The iSeries system administrator has plenty to do without looking for new ways to spend the day. But I want to encourage you to take just a few minutes out of your week to check on something that is critical to maintaining the security of the system.
IBM has provided a nice set of system security tools within the SECTOOLS Menu. You can access this menu using the command GO SECTOOLS. With this menu you can do the following:
- Analyze default passwords
- Display active profile list
- Change active profile list
- Analyze profile activity
- Display activation schedule
- Change activation schedule entry
- Display expiration schedule
- Change expiration schedule entry
The menu has many more pages of options than those. If you're not familiar with the SECTOOLS menu, you should check it out. It is full of functions and features to help secure your system. When you reach the menu, you can press F1(Help) to see an overview of all the features.
The checkup that should be performed regularly is Option 1 from the SECTOOLS Menu (Analyze default passwords). Selecting this option will print a list of all User Profiles in which the Password exactly matches the name of the user profile. For example, a user profile JSMITH that is listed on this report has a matching password of JSMITH. This is truly an unacceptable situation.
After you initially install an iSeries machine, a user Profile name should never match the password. The danger in having a password that matches the user profile name is that the password is too easy to guess. And that leaves your system open to intruders.
Shown in figure 2 is a sample report generated by selecting this option.
Figure 2: ANZDFTPWD Report
User profiles with default passwords Page 1 5769SS1 V4R5M0 000526 MYSYSTEM 01/17/02 06:53:13 Action taken against profiles . . . . . . : *NONE User Profile STATUS PWDEXP Text DCXCADM *ENABLED *NO Billy Singer DCXCCAO *DISABLED *NO Barrel Butcher DCXCCAS *ENABLED *NO Charly Stanley DCXCCMK *DISABLED *NO Frank N. Stein DCYCCTM *ENABLED *NO T. Fortoo DCYCDKK *DISABLED *NO D.B. Cooper EFFCDMB *ENABLED *NO Busy Bees EFFCGIM *DISABLED *NO Chip N. Dip EFFCJJD *ENABLED *NO Cheese Man FHHCJJW *DISABLED *NO Noel Inhere FHHCJMG *DISABLED *NO K. Salmon FHHCKMG *DISABLED *NO A. Lincoln QSYSOPR *ENABLED *NO System Operator QUSER *ENABLED *NO QUSER More...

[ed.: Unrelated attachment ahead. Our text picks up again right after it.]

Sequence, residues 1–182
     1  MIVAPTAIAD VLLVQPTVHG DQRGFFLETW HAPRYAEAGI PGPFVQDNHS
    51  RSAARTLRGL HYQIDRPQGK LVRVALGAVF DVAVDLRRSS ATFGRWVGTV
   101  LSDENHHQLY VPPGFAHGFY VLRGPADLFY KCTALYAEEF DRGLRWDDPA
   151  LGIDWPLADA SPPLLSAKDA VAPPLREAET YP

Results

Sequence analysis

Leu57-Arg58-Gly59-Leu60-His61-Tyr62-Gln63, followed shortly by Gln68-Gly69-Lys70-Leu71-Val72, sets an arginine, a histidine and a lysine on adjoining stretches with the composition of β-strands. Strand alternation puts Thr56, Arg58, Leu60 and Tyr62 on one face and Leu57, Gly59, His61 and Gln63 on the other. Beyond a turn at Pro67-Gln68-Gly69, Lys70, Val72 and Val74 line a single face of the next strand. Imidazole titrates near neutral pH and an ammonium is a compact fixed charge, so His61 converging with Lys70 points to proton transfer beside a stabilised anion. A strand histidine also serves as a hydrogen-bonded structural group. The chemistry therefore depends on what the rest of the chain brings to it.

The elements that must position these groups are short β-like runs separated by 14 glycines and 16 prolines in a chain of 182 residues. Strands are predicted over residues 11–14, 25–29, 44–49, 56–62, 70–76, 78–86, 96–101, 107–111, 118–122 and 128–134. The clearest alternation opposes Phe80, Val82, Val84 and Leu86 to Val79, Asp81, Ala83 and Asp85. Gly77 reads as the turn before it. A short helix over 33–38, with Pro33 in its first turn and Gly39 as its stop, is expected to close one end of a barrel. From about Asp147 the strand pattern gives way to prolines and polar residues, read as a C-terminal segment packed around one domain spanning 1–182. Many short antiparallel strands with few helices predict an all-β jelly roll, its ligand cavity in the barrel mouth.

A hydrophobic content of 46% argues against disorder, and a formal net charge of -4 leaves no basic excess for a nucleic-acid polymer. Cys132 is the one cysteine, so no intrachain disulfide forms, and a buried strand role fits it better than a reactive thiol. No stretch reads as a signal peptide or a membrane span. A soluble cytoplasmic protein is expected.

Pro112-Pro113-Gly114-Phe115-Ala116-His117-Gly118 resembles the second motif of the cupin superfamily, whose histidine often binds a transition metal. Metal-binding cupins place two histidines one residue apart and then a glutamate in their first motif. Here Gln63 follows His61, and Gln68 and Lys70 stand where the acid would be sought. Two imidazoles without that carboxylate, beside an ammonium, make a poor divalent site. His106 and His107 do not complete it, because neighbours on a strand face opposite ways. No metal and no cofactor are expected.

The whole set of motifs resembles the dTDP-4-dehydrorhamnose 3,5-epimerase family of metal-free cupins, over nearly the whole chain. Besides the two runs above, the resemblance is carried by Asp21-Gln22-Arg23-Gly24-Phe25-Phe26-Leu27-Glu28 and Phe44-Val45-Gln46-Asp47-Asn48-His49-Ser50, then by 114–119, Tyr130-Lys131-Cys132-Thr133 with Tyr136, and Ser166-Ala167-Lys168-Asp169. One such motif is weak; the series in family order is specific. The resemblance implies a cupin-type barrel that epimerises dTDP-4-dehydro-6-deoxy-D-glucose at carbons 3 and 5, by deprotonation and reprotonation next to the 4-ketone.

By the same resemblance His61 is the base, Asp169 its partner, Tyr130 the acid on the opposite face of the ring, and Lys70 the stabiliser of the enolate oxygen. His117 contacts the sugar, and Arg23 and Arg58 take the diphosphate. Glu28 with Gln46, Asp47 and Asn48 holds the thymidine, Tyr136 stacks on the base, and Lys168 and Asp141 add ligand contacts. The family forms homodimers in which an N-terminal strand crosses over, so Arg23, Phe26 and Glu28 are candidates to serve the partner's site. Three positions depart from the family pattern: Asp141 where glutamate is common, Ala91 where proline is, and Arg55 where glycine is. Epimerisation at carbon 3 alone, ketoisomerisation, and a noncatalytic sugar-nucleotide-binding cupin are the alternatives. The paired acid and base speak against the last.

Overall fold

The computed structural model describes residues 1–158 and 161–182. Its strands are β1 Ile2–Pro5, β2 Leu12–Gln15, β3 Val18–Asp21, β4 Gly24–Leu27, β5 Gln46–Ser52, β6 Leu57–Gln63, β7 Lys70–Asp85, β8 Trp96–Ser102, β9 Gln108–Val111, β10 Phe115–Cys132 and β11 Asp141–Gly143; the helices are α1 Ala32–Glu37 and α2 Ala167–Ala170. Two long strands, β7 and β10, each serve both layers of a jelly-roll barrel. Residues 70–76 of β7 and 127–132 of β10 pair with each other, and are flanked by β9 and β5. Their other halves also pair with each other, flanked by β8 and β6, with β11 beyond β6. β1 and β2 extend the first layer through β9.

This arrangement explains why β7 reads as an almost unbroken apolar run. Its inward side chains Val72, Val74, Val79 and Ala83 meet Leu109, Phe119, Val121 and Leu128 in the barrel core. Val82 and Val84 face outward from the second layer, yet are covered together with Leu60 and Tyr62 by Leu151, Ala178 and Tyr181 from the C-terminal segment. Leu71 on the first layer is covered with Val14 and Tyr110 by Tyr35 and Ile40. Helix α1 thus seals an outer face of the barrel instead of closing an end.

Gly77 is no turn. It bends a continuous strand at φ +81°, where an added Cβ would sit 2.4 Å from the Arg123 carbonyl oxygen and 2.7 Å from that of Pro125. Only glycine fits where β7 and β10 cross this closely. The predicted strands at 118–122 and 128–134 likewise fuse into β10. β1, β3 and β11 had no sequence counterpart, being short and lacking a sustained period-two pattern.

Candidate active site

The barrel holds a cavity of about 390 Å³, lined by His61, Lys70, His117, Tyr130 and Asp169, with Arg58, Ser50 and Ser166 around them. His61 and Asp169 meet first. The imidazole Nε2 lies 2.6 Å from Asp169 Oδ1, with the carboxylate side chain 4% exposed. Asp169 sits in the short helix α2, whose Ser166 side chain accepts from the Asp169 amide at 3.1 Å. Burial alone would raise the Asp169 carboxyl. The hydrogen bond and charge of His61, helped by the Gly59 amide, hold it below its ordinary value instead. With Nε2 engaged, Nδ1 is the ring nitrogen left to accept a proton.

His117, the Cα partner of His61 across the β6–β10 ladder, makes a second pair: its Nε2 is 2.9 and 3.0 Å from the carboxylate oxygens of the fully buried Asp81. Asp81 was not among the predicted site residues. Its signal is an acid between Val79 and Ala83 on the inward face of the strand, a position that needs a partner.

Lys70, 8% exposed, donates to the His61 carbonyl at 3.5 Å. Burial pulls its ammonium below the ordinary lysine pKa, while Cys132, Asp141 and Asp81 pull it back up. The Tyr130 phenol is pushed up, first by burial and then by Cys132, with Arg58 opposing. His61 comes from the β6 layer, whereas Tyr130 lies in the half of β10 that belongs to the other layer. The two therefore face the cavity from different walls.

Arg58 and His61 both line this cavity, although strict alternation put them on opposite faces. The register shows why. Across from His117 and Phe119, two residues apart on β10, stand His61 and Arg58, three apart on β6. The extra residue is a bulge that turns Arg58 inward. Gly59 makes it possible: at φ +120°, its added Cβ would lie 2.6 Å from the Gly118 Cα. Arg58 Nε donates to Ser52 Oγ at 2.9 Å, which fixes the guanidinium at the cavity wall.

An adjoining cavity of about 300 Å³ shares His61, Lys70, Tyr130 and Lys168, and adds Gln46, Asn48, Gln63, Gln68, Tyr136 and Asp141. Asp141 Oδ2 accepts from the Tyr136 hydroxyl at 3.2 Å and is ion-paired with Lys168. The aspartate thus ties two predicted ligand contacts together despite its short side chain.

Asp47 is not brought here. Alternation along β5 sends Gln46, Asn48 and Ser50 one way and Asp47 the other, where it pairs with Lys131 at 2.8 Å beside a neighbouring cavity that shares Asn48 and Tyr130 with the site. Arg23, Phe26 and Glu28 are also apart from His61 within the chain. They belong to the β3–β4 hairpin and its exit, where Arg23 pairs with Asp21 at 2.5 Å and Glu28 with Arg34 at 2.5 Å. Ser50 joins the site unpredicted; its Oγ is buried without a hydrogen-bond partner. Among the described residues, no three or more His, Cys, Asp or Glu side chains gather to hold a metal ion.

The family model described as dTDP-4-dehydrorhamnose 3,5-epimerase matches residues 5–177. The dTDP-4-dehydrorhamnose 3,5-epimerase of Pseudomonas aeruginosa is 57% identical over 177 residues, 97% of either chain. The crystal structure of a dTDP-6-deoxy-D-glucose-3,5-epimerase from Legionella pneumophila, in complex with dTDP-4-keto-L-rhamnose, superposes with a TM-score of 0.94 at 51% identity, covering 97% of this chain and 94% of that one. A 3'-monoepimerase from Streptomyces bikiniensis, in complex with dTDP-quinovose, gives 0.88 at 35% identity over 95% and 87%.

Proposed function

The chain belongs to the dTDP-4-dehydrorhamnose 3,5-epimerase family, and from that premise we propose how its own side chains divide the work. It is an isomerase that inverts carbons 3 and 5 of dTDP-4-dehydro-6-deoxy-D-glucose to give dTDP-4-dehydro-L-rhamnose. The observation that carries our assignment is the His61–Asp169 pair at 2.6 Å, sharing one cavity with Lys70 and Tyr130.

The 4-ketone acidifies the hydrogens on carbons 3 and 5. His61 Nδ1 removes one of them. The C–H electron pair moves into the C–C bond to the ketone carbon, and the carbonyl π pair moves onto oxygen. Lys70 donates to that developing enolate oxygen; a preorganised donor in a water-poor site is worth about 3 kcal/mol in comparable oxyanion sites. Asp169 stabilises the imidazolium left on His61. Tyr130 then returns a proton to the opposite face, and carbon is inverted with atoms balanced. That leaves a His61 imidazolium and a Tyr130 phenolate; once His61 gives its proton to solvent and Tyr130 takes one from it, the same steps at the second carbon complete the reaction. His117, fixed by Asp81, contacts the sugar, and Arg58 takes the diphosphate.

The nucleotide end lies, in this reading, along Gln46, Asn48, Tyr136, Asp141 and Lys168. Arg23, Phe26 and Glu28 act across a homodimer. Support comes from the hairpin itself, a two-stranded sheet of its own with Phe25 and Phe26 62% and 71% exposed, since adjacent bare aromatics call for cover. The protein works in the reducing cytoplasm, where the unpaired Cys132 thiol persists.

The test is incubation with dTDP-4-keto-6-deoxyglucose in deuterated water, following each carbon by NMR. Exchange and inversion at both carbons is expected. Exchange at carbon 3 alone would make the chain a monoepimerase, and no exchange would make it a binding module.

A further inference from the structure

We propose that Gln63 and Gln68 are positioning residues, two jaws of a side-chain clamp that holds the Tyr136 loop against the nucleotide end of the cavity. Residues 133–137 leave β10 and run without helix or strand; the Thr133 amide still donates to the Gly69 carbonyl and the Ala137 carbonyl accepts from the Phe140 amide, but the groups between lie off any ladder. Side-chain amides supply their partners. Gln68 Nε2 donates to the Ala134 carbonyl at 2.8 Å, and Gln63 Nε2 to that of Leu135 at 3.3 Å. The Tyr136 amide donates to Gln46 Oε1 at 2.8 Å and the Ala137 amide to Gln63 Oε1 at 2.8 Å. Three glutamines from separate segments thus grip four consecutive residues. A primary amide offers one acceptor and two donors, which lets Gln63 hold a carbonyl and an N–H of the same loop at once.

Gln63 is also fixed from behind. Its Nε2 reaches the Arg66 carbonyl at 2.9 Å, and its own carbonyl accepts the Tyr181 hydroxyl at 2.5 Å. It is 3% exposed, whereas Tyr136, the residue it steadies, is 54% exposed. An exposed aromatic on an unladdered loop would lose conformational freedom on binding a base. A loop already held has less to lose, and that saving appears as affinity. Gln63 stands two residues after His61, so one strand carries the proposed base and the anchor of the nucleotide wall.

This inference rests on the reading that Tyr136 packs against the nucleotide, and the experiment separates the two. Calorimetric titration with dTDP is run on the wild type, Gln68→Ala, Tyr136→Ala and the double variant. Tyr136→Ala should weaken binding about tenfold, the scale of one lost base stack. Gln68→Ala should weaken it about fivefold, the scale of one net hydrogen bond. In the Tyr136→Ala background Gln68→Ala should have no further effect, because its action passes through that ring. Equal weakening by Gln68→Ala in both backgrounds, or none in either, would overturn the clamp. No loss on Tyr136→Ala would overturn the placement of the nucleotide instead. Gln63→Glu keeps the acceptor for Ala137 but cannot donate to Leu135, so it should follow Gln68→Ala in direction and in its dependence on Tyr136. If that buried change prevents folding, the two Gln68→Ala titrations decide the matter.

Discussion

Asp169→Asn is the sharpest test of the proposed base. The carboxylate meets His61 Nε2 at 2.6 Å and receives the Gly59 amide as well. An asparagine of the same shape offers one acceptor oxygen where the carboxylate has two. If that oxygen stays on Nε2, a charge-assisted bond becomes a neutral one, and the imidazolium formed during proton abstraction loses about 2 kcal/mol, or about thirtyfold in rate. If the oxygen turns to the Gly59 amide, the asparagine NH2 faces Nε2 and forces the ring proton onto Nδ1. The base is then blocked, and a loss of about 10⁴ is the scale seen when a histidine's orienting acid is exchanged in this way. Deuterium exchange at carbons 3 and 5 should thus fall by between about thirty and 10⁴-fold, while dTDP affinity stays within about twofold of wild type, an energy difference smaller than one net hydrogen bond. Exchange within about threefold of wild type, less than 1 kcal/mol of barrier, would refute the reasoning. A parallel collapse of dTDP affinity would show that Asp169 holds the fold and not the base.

In the report, the profile name, status and password expiration information is provided for each profile that has a matching password. This can be a really scary list, as in this case. We see that several profile names match the password, and further that several of these profiles are enabled for use. Another area of great concern is that two of the IBM-supplied user profiles QSYSOPR and QUSER have matching passwords, and they are enabled for use. The names of the IBM-supplied user profiles are well known, and they are among the first to be tried by those who would intend to break in to your system.
The ANZFTPPWD command When you select option 1 from the SECTOOLS menu, the system runs the CL command ANZDFTPWD (Analyze default passwords). Using the command you can specify an action to be taken against offending profiles. For example, you can specify that the profiles are to be disabled (i.e. the user cannot sign on) or that you want to set the password to an expired state (i.e. the user must assign a new password next time they sign on).
If you want to schedule this report to run automatically each week, you can add an entry to your job scheduler to run the command ANZDFTPWD with the selected options. As in ANZDFTPWD ACTION(*PWDEXP). This will run the report for you and will set all default passwords to an expired state.
So, it's really easy. Make a resolution that every week you will take a few minutes to run or view the Default Password report.
About the author: Dan Riehl is president of The 400 School, the popular iSeries training company, and co-founder of The Powertech Group, one of the leading providers of iSeries security software.
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